Kim Brunhuber

Los Angeles correspondent

Kim Brunhuber is a CBC News Senior Reporter based in Los Angeles. He has travelled the world from Sierra Leone to Afghanistan as a videojournalist, shooting and editing pieces for TV, radio and online. Originally from Montreal, he speaks French and Spanish, and is also a published novelist.

Latest from Kim Brunhuber

Trump's deportation delay defers pain for some migrants, offers lifeline for others

After announcing an immigration sweep, U.S. President Donald Trump said he would postpone it for at least two weeks. Immigration activists say it offers an opportunity to teach some in the community about their rights if they are caught in a raid.

Canada is rooting for Kawhi Leonard and the Raptors — and his former coach says one California city is, too

Jeff Dietz says that coaches at Martin Luther King High School in Riverside, Calif., knew that Kawhi Leonard was going to be a remarkable player. But Dietz, who is now just one of many Riverside residents rooting for the Raptors, says what really set Leonard apart was his drive.

Backlash against cashless stores as more U.S. jurisdictions require businesses to accept bills

Cashless society is "a long ways away" as San Francisco becomes the latest U.S. jurisdiction to ban cashless stores, which some say are a form of discrimination.

Lori Loughlin's former co-star says college admissions scandal not done yet

A former co-star of actress Lori Loughlin says the college admissions scandal is part of a much larger problem. Meanwhile, students who come from underprivileged backgrounds in Los Angeles are vowing they'll win in the end.

Creating a fire tornado: Montana lab seeks to unlock the mysteries of wildfire

With wildfires becoming more intense and more common, the need to understand how fire develops and spreads has taken on added urgency.

California's growing pot problem: Too much of a good thing?

A statewide ramp-up of cannabis farming in California has led to a whole new problem: overproduction of marijuana as wholesale prices for pot have fallen in the past year.

Migrants held under bridge in El Paso fuel divisive political battle

An outdoor holding facility under the bridge connecting El Paso and Mexico became a focal point for the debate over whether the United States has a migrant crisis on its hands — until it abruptly disappeared on Sunday.

Women on board: California law requiring female corporate directors could be unconstitutional

Amid celebrations of International Women's Day on Friday, supporters say the new law mandating companies to have female representation on boards of directors is a key step for increasing diversity among senior executives.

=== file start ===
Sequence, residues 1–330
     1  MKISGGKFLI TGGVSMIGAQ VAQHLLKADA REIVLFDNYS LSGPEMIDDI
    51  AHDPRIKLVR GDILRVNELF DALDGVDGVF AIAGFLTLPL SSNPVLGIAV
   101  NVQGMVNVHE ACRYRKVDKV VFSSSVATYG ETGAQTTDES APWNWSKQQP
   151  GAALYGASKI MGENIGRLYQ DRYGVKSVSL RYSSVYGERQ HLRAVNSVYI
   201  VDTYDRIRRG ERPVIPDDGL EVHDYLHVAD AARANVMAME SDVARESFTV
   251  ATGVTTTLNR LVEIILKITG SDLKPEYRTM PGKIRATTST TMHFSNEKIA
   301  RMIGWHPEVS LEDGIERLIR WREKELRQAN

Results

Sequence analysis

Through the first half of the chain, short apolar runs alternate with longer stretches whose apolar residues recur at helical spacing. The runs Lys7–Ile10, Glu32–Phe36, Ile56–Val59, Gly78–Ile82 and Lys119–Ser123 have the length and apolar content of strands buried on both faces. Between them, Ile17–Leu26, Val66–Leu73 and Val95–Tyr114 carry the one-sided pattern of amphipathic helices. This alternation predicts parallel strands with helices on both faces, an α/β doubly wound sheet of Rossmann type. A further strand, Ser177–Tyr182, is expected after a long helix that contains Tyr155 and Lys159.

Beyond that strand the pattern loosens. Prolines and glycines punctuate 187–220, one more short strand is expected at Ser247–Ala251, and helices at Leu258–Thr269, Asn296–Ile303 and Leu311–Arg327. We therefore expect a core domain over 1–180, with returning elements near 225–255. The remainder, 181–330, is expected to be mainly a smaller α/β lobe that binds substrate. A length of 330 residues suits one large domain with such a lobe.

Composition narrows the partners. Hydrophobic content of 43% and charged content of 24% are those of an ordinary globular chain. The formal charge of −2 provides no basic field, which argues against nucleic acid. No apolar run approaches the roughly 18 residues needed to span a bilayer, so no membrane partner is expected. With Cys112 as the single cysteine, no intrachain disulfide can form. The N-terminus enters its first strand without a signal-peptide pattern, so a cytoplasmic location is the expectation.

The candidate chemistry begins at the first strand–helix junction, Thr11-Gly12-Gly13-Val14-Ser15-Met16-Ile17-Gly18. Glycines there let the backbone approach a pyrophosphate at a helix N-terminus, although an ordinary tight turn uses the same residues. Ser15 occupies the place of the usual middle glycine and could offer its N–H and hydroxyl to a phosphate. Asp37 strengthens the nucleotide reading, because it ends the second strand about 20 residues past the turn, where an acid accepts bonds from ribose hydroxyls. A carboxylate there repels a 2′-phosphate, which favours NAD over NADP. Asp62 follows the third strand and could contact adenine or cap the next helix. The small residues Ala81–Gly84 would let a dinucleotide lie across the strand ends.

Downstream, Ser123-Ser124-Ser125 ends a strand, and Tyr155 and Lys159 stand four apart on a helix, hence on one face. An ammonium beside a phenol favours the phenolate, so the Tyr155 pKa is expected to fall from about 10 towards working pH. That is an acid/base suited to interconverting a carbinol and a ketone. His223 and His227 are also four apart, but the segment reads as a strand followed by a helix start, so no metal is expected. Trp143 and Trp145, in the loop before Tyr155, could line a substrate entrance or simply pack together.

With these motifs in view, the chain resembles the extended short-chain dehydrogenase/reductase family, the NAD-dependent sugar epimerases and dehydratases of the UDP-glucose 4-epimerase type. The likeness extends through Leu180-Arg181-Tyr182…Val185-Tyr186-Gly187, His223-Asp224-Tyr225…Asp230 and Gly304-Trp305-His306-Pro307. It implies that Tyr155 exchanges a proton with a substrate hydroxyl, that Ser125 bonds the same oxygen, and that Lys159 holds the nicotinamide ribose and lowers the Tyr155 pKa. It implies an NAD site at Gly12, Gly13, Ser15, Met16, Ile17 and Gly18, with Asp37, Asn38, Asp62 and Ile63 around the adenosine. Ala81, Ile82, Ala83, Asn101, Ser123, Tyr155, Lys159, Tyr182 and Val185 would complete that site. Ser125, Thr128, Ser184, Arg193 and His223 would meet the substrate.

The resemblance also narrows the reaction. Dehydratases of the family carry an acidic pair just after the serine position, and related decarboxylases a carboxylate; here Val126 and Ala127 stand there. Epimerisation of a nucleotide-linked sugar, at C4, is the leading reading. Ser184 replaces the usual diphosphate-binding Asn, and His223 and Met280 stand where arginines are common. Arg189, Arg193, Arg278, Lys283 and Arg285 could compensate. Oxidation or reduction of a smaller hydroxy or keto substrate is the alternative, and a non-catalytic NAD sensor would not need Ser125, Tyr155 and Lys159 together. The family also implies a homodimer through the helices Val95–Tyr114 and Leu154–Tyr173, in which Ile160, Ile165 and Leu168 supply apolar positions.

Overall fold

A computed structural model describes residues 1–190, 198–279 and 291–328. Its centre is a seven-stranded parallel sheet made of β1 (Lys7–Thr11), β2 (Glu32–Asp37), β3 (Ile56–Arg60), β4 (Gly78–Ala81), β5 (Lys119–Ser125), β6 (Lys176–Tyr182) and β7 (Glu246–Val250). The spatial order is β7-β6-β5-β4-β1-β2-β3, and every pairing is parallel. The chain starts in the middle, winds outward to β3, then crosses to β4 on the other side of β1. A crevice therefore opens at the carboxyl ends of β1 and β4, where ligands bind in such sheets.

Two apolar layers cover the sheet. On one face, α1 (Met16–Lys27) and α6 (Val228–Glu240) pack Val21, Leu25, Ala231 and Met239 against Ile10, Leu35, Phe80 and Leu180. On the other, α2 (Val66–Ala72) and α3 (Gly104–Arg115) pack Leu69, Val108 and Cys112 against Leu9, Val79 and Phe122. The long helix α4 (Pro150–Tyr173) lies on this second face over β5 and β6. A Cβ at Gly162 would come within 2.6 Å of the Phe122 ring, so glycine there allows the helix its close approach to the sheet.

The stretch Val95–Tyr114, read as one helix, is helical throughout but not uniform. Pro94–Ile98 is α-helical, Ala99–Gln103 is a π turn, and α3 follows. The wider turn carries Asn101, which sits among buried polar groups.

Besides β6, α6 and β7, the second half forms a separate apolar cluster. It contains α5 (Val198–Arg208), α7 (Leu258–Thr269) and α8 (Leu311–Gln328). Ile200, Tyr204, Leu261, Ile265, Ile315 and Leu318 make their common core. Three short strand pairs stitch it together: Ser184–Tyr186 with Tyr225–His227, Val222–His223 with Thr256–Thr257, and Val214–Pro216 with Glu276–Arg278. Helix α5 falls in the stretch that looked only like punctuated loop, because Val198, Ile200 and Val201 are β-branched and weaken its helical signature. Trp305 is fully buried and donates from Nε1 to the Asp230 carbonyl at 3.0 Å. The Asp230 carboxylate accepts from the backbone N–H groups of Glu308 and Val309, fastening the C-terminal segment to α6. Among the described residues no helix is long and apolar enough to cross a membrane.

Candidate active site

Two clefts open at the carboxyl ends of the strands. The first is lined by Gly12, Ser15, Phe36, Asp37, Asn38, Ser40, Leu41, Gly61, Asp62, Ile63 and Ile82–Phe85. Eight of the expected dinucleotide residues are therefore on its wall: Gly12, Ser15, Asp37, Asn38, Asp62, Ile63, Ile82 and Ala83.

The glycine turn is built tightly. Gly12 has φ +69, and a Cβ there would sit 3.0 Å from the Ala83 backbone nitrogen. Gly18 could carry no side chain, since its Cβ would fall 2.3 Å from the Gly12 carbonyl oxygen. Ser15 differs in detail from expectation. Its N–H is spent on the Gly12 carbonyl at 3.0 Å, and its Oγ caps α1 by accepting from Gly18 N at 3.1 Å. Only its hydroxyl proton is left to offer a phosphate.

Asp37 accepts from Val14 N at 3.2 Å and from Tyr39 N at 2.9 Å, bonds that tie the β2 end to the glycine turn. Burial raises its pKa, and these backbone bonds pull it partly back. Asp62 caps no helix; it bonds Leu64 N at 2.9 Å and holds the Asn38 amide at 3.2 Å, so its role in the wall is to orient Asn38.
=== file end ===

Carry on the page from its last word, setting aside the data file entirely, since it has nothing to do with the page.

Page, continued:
Is a robot coming for your job? Change comes quickly in the era of automation

From bartenders to baristas, robot resumés are getting longer and more complex. And as robotics get smarter, the consequences of automation are becoming harder to predict.

How California is building its own wall of resistance against Trump

Through policy and politics, California has been building a wall of resistance against U.S. President Donald Trump. But now some are warning that the state's progressive movement may be going too far left for its own good.

Football coaches struggle to recruit young players as more parents heed warnings about brain injury risks

Two moms whose late sons suffered from a degenerative brain condition associated with the type of head impacts common in collision sports are suing the biggest youth football league in the U.S. But one neurologist says there is still a lot scientists don't understand about brain injury in sport.

'La lista': For some U.S.-bound migrants, it means hope. For others, despair

The migrant-run list tracks the names of people seeking asylum in the U.S. But since November, when more thousands began arriving together in Tijuana, Mexico, the backlog has skyrocketed to more than 5,000 names.
CBC in Tijuana

'They've come here to create disorder': Migrant caravan faces hostility on both sides of U.S.-Mexico border

Little Padres Park is a city of space blankets and houses built out of shrubs, of outdoor showers and soccer matches played in socks. The baseball stadium in downtown Tijuana, Mexico, has become a makeshift city, hastily constructed and filled with more than 1,500 migrants.

Why Orange County, a.k.a. Reagan Country, is 'ground zero' for the Democrats' midterm hopes

Orange County was once the bedrock for California conservatives such as Ronald Reagan, Richard Nixon and Arnold Schwarzenegger. But times have changed, and Democrats now believe if they can steal four seats from the Republicans here, they can win control of the House.

Need or nightmare?: Democrats want the midterms to be a referendum on Obamacare

Since it became law in 2010, the Affordable Care Act, commonly referred to as Obamacare, has been a favourite target of Republicans on the campaign trail, with their "repeal and replace" mantra. But this time around, it's the Democrats who are trying to make health care the key campaign issue.